Water consumption was doubling every 20 years and by 2025 one third of the world’s population is expected to face water scarcity (Lawrence & Weber, 2011, p. 44). However, TCCC is using too much water in the company’s production causing more water scarcity in the area. The second important is social environment that has a close tie to the geophysical environment. The Social environment includes the culture patterns; in Kerala, India, most citizens are villagers and their source of income is coming from agriculture that depends on water resource.

Once Coca-Cola’s plant operates, it depletes the groundwater for irrigation. And lastly is the political environment because it includes the structure, processes, and actions of all levels of government-local, state, national and international. The local government of Kerala has to shut down Coca-Cola’s bottling plant because it affecting the living of the villagers. Issue Management Proactive companies do not wait for something to happen, they actively manage issues as they arise and the process is issue management (Lawrence & Weber, 2011, p. 31).

In Coca-Cola case there are 3 stages of process identify. The stage of generate option in the issue management process is identified when the company took on a comprehensive study, surveying its global operations to assess its water management practices and impacts, as well as reaches out to stakeholders like World Wildlife Fund, the Nature Conservancy…and numerous academic experts to seek their advice (Lawrence & Weber, 2011, p. 31). In the take action stage, TCCC builds a set of Web-based tools that allow its bottlers to benchmark and learn the best practices from their peers.

Furthermore, in the evaluate results stage, Coca-Cola announces a goal of water neutrality, which will accomplish in reduce, recycle and replenish (Lawrence & Weber, 2011, p. 44). The company would operate more efficiently to reduce its own use of water. It also only discharge clean water that can support aquatic life and in the area where local authorities unable to handle the wastewater, Coca-Cola would handle the wastewater. For replenish the balance of water TCCC used, the company funds $20 million to the environmental group to support river conservation, rainwater collection and efficient irrigation (p. 44). Stakeholder Engagement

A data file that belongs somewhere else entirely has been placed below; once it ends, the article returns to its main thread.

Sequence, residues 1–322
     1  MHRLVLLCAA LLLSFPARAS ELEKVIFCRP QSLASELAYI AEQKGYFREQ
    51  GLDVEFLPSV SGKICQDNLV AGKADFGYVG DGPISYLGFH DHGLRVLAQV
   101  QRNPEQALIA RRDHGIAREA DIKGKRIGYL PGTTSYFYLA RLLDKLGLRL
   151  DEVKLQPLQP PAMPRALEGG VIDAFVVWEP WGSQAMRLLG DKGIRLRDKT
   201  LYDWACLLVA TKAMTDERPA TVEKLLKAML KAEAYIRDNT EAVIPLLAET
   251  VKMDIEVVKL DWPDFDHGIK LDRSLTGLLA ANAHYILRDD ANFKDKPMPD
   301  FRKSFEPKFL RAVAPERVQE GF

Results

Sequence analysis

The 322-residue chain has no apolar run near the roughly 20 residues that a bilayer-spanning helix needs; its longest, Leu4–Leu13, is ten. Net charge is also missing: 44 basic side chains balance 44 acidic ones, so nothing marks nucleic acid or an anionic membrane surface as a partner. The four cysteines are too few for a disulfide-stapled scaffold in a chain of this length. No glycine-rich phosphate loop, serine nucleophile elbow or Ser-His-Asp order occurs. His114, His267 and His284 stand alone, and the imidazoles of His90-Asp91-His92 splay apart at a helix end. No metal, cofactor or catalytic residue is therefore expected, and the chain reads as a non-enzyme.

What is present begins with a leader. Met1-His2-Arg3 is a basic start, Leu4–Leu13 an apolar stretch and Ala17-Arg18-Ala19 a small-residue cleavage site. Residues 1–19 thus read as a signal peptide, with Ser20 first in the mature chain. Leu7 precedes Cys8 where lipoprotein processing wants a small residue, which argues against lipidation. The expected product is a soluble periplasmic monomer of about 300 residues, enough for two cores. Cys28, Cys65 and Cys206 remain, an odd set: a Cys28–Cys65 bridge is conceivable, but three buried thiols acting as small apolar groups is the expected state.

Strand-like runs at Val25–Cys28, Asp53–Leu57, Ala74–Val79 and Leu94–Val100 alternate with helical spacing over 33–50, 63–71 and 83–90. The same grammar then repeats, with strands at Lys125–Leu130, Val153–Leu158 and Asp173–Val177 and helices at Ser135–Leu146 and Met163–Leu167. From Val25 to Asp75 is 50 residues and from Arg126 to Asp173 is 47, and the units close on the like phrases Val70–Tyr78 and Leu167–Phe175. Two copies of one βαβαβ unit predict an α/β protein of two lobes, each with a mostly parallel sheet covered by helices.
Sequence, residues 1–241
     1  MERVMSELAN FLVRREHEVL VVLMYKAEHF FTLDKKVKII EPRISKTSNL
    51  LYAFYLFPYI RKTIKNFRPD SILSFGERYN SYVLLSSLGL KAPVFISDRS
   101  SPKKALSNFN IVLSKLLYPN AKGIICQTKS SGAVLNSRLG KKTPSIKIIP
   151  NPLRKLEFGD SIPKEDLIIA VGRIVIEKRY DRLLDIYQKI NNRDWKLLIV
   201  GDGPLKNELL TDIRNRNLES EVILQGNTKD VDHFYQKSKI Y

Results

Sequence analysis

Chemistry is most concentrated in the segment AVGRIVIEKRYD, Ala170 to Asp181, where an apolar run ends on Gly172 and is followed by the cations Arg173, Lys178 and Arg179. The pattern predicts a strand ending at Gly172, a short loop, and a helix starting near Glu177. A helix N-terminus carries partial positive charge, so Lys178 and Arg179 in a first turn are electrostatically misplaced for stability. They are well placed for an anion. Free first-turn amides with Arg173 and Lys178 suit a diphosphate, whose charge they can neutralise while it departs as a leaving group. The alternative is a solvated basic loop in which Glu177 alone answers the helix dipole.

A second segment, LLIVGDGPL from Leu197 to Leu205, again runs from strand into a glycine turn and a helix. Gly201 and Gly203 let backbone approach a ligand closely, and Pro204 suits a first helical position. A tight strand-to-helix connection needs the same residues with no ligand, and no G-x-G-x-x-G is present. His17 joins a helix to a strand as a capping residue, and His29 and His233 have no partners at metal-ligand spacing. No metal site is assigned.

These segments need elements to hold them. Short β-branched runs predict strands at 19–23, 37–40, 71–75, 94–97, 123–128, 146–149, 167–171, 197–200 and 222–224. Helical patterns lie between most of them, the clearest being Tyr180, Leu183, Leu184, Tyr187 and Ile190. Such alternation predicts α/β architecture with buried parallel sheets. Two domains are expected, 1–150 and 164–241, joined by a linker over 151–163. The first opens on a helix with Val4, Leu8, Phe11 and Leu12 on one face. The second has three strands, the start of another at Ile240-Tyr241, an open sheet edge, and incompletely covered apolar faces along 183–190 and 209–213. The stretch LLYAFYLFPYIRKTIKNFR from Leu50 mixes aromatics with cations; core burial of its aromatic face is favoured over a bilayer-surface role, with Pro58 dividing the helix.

Internally, Coca-Cola have sat down with its top bottlers, operating groups goes through all the aspects and understood where the water coming from. Externally, Coca-Cola takes the initiate to reach out to World Wildlife Fund, UNESCO, CARE and other top NGO’s leaders for their advices and partnerships on the water issues. Coca-Cola’s benefits from this engagement are: the company learns about society’s expectation, get the outside expertise, have creative solutions, have stakeholder support for implement the solutions and improve company’s reputation in the eyes of public. SWOT with Reactive, Proactive and Interactive